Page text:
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Action towards Resource-efficient and Low Carbon Cities in Asia

Action towards Resource-efficient and Low Carbon Cities in Asia

Prof. Sivanappan Kumar

By Shawn Kelly / AIT

(Bangkok) In the age of climate change, big cities contribute mightily to greenhouse gas emissions. And though Asia is home to many of the world’s most populated mega cities, around the region small and medium-sized cities are pushing forward with strategies for achieving low-carbon management and development, aided by scientists at the Asian Institute of Technology (AIT).

Call it a club, of sorts: one guided by scientific principles, whose membership believe in slowing the pace of global warming and finding mitigation and adaptation solutions for their citizens. AIT’s regional effort to build a “low-carbon society” through a project called Action towards Resource-efficient and Low Carbon Cities in Asia is focused on fast-growing cities of half-a-million or less.

The two-year project spans Lao PDR, Vietnam, Sri Lanka, and Thailand, partnering with the cities of Luang Prabang, Hue, Danang, Chau Doc, Kurunegala, Matale, Kandy, Chiang Mai, Rayong, and Nonthaburi. All have vowed to introduce improved resource efficiencies and low-carbon frameworks inside their boundaries. The initiative is funded by French Environment and Energy Management Agency (ADEME), SDCC/AIT-France and the participating cities.

“Asia is the center of global growth in the 21st century, and the small and medium-sized cities will be the large cities of tomorrow,” said Low Carbon Cities (LCC) project leader Prof. S. Kumar of AIT, explaining that smaller urban centres can still avoid the unsustainable growth patterns and planning mistakes characteristic of larger Asian metropolises.

Overall, the project involved capacity building of municipal authorities and their partners in greenhouse gas emissions estimation and the development of city-level climate and energy plans, as well as estimation of emissions at city level, and small pilot activities for mitigation of emissions, Prof. Kumar said.

Each city conducted a greenhouse gas inventory of assets and services for the first time, using methodologies developed by ADEME such as the Bilan Carbone TM tool. It “opened the eyes” of senior municipal administrators to low carbon planning options, cities’ representatives told a project Experiences Sharing Workshop in Bangkok on February 11-12, 2013.
Dr. Amararatne Yakupitiyage, Acting Dean, AIT School of Environment, Resources and Development, welcomed the participants on behalf of AIT. Prof. Chettiyappan Visvanathan, Principal Investigator, LCC, EEMP-SERD, AIT, said the two-day event provided opportunities for municipal governments, academic organizations, international organizations, public and private enterprises and project partner cities to join hands for planning and networking for new initiatives in the future, and to share their results.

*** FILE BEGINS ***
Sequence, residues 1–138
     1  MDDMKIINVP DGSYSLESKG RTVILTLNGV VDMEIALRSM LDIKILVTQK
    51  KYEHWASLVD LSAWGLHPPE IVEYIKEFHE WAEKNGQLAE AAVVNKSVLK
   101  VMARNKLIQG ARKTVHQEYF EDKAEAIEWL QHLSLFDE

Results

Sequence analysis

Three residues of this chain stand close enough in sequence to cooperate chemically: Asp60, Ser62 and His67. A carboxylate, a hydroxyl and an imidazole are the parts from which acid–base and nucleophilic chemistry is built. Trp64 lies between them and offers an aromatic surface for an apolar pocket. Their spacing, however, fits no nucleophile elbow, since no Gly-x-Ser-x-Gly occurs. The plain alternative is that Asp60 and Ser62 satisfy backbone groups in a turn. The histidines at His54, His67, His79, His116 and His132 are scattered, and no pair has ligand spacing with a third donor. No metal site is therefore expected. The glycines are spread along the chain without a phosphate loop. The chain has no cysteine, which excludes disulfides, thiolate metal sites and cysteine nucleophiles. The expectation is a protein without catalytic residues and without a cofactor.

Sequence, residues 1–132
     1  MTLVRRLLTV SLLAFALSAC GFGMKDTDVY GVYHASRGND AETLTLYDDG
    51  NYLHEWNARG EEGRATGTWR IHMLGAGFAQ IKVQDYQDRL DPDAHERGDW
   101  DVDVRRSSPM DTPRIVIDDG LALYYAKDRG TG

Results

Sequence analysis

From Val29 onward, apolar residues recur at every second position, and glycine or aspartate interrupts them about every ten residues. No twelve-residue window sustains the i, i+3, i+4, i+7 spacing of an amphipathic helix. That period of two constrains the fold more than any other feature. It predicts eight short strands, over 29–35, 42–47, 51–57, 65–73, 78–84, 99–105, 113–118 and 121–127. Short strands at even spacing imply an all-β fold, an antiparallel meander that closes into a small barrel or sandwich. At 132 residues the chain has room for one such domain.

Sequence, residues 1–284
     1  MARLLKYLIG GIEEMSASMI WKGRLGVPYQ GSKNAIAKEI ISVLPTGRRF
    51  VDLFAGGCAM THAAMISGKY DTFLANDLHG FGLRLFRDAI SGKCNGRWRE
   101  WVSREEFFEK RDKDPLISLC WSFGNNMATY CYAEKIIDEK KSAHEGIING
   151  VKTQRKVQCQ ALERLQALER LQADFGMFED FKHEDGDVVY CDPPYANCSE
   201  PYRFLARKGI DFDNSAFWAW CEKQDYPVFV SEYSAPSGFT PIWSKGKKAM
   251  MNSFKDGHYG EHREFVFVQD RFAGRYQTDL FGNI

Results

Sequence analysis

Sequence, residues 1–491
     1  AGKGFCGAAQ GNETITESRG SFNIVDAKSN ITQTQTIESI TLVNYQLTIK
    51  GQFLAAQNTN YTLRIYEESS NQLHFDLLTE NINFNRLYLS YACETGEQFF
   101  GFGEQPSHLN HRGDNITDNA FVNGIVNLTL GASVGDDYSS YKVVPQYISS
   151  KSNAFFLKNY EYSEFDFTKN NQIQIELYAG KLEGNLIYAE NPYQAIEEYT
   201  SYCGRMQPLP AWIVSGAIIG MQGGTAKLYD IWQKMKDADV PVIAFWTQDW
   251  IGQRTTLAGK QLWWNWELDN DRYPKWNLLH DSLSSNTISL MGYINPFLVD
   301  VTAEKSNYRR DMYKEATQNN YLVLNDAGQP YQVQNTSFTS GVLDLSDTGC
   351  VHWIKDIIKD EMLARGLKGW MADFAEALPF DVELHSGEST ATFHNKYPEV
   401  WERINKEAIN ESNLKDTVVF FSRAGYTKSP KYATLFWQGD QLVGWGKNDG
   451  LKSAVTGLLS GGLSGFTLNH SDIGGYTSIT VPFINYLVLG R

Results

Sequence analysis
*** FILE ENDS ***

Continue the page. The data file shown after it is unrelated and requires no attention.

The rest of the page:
Workshop sessions included Action Plans by Cities to Address Climate Change; Sharing Experiences from Asia; Opportunities for Funding; The Way forward; and Towards Low Carbon Society.
One spin off project is "Sustainable urban tourism through low carbon initiatives: Experiences from Hue and Chiang Mai" sponsored by Sustainable Mekong Research Network (SUMERNET:
http://www.sumernet.org/ ).

Dr. Dominique Campana, Director of International Affairs, ADEME, who opened the conference, believes international cooperation is essential to extending the low-carbon movement across the region, so partnering with AIT to connect with public and private sector partners in Thailand and the rest of Asia is a natural fit.

Indeed, by “thinking regionally” the project is “moving towards creating a low carbon society in Asia with new normative frameworks, standards and growth strategies for green urban growth,” said Donovan Storey, chief, Sustainable Urban Development Section, United Nations Economic and Social Commission for Asia and the Pacific, Bangkok.

Dr. P. Abdul Salam, leader, Green Growth Thematic Area, AIT, added: “This is really a strong attempt to bring the smaller municipalities into the forefront of this critical issue of green growth and low carbon urban planning.”
Mr. Storey said that while the Asia-Pacific region is home to numerous mega-cities half of the urban population actually lives in cities of less than one-half million. Across the region, the growing urban carbon footprint is happening in the small and medium-sized towns, he confirmed.

According to UNESCAP, globally, cities account for 67% of all energy use and emit 71% of all greenhouse gases. Meanwhile, half a billion people will move to cities in the next decade, and the challenges will be enormous. “These smaller cities are not ‘sexy’ so to speak, but they are where future growth is happening and where there are opportunities for alternative development patterns,” Mr. Storey said.
With a population of 260,000, suburban Nonthaburi on Bangkok’s northern flank has focused on activities to mitigate GHG emissions by reducing energy consumption at city buildings and creating awareness about low carbon initiatives, Mr. Permpong Pumwiset, the municipality’s chief of environment and public health, said.

A greenhouse gas audit indicated that administrative buildings, schools, sewage pumping stations and health clinics consumed the most electricity, thereby emitting the highest levels of GHGs. After replacing 200 sets of fluorescent lamps with LED, the municipality reduced carbon emissions by 41 tons per year, saving 67,737 kilowatts of energy and 240,000 Baht in electricity charges.

“We are now talking with factories and department stores in the municipality to encourage reduced energy consumption through heightened awareness and improved infrastructure, such as changing to more efficient air conditioning,” Mr. Permpong added.